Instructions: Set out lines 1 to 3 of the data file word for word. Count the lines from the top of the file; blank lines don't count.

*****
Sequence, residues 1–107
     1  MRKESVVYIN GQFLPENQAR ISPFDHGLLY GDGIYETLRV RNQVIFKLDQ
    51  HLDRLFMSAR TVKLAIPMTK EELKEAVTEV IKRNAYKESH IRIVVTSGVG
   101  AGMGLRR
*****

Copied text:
Sequence, residues 1–107
     1  MRKESVVYIN GQFLPENQAR ISPFDHGLLY GDGIYETLRV RNQVIFKLDQ
    51  HLDRLFMSAR TVKLAIPMTK EELKEAVTEV IKRNAYKESH IRIVVTSGVG